Fall -- Winter Forecast

 

And you think we have problems?  Well,  I need a new furnace, would you believe. Let that be an incentive for you.  NOW is a good time to check your furnace. Does it need a tune-up? There are pre-season specials, so take advantage of them.

Already there have been frost warnings in the outlying areas, here, and yes, SNOW in Calgary and South Dakota.  Maybe you have been  thinking about the coming winter already. After  last winter (which was the coldest and snowiest in over 30 years) how could  you not? And it's not like we had  a long hot summer to make one really  eager for the brisk fall days and favorite sweaters.

Yes, the first cool days are here. These temps will be gone by the weekend, but for now the jean jacket  adds a stylish touch.  For a moment, layering is fun again.

 

So, now the weekend forecast is  for a return to the 80's. What about the long-range forecast? What's in store for Fall and Winter?

What does the Old Farmer's Almanac say?  Perhaps you remember the Almanac forecast for last year. Here's my post about it.  Yes, they predicted lots of snow and very cold. Pretty accurate, considering they could be using the Magic  8 Ball, and  they won't disclose what's in that black box...

And this winter?  More cold and snow, shivering and shoveling, according to the Old Farmer's Almanac.  Almost like last year all over again.

Well, not quite, according to Eric Holthaus  on his blog for Slate.  He maintains (and I agree)  that such long-range forecasting is impossible, and the best  one can do is study the developing patterns. He's looking at the warm pool of water in the Pacific  to affect the weather  this winter.

According to him, the pattern we saw last winter has prevailed all summer. There's even a name for this--the Ridiculously Resilient Ridge.

 The source of the RRR can be traced to a continent-sized blob of abnormally warm water just off the Pacific Coast. Since the ocean and atmosphere work in tandem to produce our daily weather, that means effects are being felt thousands of miles downstream.

Weather and climate scientists have released new research over the last few months showing a counterintuitive connection between persistent and extreme winter weather patterns and global warming. The melting Arctic has a lot to do with it, but scientists are still debating the details.

He says that the weather models from the Climate Prediction Center are showing a probability of a slightly warmer than average winter for the midwest and northeast. But a deep-freeze in January and February is always possible. When is anyone's guess.

So what does this mean for us, here and now?  You can't go wrong with sweaters and hoodies.  But don't get out the snowpants just yet.

Oh, and now is the time to check the furnace....

And why not review these subzero style and safety tips?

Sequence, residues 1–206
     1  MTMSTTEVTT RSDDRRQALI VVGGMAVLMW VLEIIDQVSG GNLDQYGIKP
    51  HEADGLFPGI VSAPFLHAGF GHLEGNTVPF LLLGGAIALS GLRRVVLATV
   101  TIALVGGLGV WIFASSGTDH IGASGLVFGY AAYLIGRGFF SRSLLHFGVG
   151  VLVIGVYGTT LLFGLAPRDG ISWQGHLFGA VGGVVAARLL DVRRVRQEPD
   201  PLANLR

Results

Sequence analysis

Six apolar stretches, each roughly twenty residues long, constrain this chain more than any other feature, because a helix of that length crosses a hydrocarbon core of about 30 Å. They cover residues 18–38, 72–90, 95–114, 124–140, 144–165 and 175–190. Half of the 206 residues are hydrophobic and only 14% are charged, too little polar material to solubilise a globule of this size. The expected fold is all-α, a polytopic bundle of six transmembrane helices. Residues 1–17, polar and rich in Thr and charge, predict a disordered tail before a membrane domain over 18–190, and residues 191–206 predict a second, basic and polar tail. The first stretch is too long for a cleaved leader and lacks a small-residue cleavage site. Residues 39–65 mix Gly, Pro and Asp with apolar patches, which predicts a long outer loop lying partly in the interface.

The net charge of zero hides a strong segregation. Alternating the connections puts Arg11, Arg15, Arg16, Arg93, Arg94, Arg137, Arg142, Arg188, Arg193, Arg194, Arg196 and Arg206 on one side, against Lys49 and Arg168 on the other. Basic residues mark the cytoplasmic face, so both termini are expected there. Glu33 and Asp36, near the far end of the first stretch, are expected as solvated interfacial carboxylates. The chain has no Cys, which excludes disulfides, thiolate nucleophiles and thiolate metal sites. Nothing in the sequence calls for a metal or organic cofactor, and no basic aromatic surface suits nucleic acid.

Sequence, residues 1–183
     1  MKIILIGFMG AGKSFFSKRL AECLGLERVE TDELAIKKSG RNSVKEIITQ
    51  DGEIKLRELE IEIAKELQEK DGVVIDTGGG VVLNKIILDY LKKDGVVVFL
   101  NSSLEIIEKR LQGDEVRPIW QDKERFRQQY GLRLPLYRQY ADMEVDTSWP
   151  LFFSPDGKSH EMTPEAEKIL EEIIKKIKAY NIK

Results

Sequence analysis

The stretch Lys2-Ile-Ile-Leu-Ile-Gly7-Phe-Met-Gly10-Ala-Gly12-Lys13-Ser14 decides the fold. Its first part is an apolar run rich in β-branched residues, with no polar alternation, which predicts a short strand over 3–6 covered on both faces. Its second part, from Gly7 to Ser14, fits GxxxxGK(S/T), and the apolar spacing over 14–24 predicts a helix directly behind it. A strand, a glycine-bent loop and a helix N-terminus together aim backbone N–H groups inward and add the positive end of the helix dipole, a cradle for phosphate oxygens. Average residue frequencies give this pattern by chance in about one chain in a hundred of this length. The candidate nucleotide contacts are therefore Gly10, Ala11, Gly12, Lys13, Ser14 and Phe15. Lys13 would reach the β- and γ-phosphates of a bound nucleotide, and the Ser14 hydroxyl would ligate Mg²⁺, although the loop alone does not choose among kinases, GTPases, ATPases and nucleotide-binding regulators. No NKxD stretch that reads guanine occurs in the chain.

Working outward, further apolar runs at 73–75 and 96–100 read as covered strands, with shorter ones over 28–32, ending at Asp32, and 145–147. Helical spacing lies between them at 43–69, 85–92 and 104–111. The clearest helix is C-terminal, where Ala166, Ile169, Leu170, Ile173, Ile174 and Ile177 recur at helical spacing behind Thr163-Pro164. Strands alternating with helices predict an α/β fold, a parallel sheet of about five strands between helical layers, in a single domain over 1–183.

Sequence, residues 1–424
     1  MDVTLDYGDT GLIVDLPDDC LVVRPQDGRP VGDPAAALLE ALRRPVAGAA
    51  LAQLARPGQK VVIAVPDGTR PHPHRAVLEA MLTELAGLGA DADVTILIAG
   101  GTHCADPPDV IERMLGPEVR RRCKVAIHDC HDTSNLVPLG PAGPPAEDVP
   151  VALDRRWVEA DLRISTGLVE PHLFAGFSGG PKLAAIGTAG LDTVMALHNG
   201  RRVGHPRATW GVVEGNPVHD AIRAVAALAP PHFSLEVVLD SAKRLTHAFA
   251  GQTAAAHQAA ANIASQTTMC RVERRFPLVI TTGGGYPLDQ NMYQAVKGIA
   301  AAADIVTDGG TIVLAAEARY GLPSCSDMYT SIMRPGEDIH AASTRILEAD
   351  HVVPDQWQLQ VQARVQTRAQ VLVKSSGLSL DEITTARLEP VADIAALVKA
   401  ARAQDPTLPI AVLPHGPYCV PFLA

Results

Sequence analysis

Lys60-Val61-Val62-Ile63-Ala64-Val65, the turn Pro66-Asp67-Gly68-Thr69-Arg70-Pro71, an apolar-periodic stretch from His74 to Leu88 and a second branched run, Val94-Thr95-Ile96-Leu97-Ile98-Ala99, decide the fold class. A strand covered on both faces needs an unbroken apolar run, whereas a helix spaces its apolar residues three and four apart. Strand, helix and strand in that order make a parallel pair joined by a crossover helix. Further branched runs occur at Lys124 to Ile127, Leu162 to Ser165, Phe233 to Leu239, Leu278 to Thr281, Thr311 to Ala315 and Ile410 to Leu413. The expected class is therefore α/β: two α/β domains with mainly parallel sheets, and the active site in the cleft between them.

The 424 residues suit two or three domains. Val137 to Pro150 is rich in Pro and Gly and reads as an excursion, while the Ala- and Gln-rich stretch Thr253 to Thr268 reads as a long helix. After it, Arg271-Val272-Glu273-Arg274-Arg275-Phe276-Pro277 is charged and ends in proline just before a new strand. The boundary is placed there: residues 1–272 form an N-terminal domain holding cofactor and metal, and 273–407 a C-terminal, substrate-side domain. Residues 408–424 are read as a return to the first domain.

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Comments

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  • This reenforces what I thought and then Skilling said, that the jet stream pattern this week is the same as last winter. And people (at least talk show hosts) in LA are screaming about temperatures in the 100s again.

    What was it, last Wednesday, when it rained and got real humid, so I put on the A/C, but at 5 p.m. the clouds came in and I had to put on the heat?

    If we don't get the promised El Nino this winter, I am going to freak.

  • In reply to jack:

    Hold on to your hat, Jack. Chances of an epic El Nino diminishing, but still 70-80 % chance of El Nino development. Here's a clip from the Weather Network.

  • In reply to Weather Girl:

    After watching the 12:30 weather, maybe there is cause to freak.

    After repeating that the Pacific is still set up to repeat the cold pattern of last winter through now, Skilling said that there are reports of fish from Baja being seen in the Gulf of Alaska, and fear that the spawning salmon won't find food.

    He did leave out one step that was noted on a Nova, i.e., the bears then start starving and all hell breaks loose.

    BTW, there's something wrong with your link.

  • In reply to jack:

    Thanks, Jack--I fixed the link.

    Yes, there's imbalance in the Arctic, and it's changing very fast. Black ice in Greenland, too.

  • In reply to Weather Girl:

    Now that the link works, it doesn't seem like what they were saying was any different than what Skilling was saying (especially at 1:17).

    Apparently, El Nino has different effects. I was thinking of the 1982 one when it was in the 60s in December. But since they are saying (at 2:35) that 1977-78 was also El Nino, that was the worst winter in my memory, at least with regard to snowfall, although it took the 1978-79 winter to shut down the CTA (and get Jane Byrne elected).

  • Yikes! I just got my a/c checked in July! Thanks for reminding me to call and make an appointment!

  • Thanks for reading, Kathy!

  • The blob! The RRR! Well, at least we get variety! Thanks for making it fun to learn about!

  • Thanks for reading. It's going to get interesting...

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